But the devil is in the details. One of the key points I make in my book and follow-up commentary is that senators can’t just wave a magic wand and revert to Mr. Smith Goes to Washington-style “attrition” filibusters. There are reasons the filibustering game changed in the 1960s, and the Senate can’t go back unless it is as difficult or more difficult to conduct a filibuster as it is to fight against one. The problem with a classic  attrition filibuster is that a single obstructionist could demand the attention and disrupt the sleep of a majority of the Senate, as Smith does in the movie. That is, the costs of the two sides are asymmetrical, so it is easier to filibuster than to outlast a filibuster. A determined majority could outlast a single obstructionist, or a few senators, but an organized succession of twenty or so senators could occupy the floor one at a time, each demanding the presence of a majority of the Senate. In order to restore attrition filibusters, the Senate needs to balance the rules of the game so that only one pro-bill senator is required to stay in the chamber while an anti-bill senator filibusters.

For example, let’s say a narrow majority votes for cloture and the Senate begins a Merkley-style attrition filibuster..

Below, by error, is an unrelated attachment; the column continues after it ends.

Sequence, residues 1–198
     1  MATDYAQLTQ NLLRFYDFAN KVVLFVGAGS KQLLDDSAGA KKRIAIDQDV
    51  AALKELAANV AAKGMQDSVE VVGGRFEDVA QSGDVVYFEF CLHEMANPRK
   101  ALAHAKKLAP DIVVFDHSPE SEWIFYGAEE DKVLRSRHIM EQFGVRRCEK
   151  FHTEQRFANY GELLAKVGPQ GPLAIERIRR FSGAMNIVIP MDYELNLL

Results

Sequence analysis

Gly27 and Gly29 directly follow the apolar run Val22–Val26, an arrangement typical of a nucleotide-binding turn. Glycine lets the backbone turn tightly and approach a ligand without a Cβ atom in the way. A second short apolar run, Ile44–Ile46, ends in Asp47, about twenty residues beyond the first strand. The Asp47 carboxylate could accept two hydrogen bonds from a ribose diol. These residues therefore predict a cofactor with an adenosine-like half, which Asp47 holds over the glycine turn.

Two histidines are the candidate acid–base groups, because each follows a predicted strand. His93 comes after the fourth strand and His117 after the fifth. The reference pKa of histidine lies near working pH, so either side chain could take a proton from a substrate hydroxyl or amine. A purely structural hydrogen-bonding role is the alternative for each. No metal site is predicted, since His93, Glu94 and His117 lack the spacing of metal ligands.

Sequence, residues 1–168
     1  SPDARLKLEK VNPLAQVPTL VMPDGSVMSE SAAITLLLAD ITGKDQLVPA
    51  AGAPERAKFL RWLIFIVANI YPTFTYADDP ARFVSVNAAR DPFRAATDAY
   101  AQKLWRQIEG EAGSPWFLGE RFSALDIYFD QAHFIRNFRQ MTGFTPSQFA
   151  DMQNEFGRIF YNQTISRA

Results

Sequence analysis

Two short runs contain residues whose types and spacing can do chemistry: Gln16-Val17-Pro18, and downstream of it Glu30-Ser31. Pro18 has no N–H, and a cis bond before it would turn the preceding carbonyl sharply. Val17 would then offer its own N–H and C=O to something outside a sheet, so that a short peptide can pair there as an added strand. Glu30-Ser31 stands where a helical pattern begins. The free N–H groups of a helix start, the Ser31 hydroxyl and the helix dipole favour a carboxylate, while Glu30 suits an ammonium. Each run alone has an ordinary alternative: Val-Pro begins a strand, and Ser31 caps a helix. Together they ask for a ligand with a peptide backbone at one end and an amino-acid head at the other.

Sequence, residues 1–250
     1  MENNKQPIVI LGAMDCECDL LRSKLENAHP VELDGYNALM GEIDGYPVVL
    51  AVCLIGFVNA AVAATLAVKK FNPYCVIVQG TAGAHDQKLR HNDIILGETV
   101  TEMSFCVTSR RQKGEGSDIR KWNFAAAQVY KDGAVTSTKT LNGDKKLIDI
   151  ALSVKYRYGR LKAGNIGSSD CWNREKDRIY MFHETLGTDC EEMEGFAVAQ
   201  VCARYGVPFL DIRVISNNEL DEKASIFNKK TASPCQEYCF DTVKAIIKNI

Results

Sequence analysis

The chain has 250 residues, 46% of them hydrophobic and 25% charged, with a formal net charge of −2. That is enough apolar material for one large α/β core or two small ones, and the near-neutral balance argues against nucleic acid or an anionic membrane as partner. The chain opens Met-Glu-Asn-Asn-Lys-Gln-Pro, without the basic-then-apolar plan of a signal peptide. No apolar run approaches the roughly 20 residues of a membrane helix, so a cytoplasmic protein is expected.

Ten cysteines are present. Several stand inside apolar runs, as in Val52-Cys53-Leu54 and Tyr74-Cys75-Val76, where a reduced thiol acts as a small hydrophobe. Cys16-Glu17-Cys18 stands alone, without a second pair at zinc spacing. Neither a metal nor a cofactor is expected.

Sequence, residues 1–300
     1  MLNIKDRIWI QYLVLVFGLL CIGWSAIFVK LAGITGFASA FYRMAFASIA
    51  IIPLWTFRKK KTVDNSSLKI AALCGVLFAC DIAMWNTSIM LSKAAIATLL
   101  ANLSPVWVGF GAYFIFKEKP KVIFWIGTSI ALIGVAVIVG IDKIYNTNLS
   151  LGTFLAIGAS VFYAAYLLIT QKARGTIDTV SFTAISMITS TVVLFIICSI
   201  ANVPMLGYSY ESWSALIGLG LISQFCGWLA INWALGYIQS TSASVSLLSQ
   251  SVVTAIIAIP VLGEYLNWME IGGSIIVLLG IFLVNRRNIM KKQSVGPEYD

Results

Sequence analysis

(1) does post-cloture vote debate have to be germane? Let’s say the bill in question is immigration reform; can a filibustering senator give a twelve-hour speech on U.S. policy in Afghanistan? Or the Petraeus affair? If so, a Merkley filibuster simply grants the opposition a monopoly on C-SPAN to express their political message for the day.

(2) Can a filibustering senator call for a quorum? If s/he does so, does s/he lose the floor? (“Yes” is the current answer) or does a quorum call constitute the end of the debate phase altogether?

(3) What if there are votes on amendments to the bill during the debate phase—does that “end” debate? If not, what if there are hundreds of votes on amendments?

(4) can a senator raise a point of order during the debate phase and request a roll call vote? If so, what if s/he does this dozens of times?

(5) if the post-vote debate ends and there are still amendments outstanding, does the Senate immediately vote on the underlying bill? Or is there a marathon of votes on amendments until they are all disposed of? If the latter, how does the rule prevent a filibuster-by-amendment?

These are questions that can be answered, and I would expect the final draft of the proposal to address these questions. But I merely suggest that designing an effective reform can be tricky.